Charles Marie Benjamin Rouget
Biography of Charles Marie Benjamin Rouget
Charles Marie Benjamin Rouget was the son of a surgeon in the armies of Napoleon. He attended the Collège Sainte-Barbe and received medical training at the teaching hospitals of Paris. Rouget's early researches dealt with the anatomy and physiology of the reproductive organs. He made his best contributions in correlating physiology with microscopic structure. Using special photographic techniques, he was able to examine the muscle fibres of vertebrates under high magnification. As a result of his microscopic research on the female gonads, especially during 1879, he confirmed the presence of primordial egg cells in the ovaries of newly born mammals.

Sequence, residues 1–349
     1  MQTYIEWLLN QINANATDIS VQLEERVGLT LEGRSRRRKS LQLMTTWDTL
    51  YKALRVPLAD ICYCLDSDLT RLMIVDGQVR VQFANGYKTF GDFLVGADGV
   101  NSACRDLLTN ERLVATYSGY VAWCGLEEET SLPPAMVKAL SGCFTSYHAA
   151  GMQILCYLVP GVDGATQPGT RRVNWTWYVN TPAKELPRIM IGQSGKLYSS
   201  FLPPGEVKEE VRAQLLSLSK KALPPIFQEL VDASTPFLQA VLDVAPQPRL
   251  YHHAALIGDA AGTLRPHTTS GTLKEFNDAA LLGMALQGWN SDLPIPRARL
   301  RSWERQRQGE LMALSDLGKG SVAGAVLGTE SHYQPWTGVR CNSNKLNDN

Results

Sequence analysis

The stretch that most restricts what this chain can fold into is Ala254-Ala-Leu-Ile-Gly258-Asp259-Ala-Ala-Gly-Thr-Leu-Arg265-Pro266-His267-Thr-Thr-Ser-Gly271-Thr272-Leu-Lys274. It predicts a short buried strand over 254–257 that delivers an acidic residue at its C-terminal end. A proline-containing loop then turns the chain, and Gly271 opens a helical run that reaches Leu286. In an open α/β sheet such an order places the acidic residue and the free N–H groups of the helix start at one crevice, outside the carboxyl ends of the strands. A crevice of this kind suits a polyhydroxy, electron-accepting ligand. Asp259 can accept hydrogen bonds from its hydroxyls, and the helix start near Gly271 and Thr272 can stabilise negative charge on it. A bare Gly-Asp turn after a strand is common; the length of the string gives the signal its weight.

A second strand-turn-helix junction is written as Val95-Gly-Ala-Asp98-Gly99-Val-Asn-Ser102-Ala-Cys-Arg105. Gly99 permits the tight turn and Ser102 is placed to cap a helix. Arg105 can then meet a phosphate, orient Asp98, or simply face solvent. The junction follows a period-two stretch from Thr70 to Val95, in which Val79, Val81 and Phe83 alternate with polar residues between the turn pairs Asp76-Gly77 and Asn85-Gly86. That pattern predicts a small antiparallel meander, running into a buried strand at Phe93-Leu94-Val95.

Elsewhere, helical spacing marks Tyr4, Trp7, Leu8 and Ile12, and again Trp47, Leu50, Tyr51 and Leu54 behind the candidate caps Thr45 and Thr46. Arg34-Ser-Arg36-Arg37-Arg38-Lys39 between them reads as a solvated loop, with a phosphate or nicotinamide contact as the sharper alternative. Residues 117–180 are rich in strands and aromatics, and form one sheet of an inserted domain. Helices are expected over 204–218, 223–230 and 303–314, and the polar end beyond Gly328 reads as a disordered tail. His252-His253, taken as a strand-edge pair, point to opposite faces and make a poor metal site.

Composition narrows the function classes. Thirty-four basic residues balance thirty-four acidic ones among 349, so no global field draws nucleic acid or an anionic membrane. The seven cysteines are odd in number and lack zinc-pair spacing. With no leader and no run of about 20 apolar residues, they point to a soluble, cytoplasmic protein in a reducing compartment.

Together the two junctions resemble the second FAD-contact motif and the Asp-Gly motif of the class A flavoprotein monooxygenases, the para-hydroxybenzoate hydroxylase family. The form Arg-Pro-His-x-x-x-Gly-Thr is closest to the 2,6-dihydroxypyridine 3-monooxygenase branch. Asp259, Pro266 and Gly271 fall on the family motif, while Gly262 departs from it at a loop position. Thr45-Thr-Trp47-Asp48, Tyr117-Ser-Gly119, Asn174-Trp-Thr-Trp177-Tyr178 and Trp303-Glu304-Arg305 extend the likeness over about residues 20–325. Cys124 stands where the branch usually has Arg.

He made noteworthy observations in three areas: contractile tissue, nerve endings, and the eye. For his study of capillary contractility he examined the capillaries of the hyaloid membrane of the eye of a frog. He presented his first findings in 1874, and five years later he made another report on the contractility of blood capillaries.
In 1860 he was appointed to the chair of physiology at the University of Montpellier, where, it is said, he was an efficient and inspiring teacher. In 1879 he was one of two candidates whose names were submitted by the Académie des Sciences for the vacant chair of physiology in the Muséum d’Histoire Naturelle. Although unsuccessful on this occasion, he was appointed to the professorship when it fell vacant again shortly afterward, and held it until his retirement in 1893. His colleagues specially remembered him as a brilliant histologist.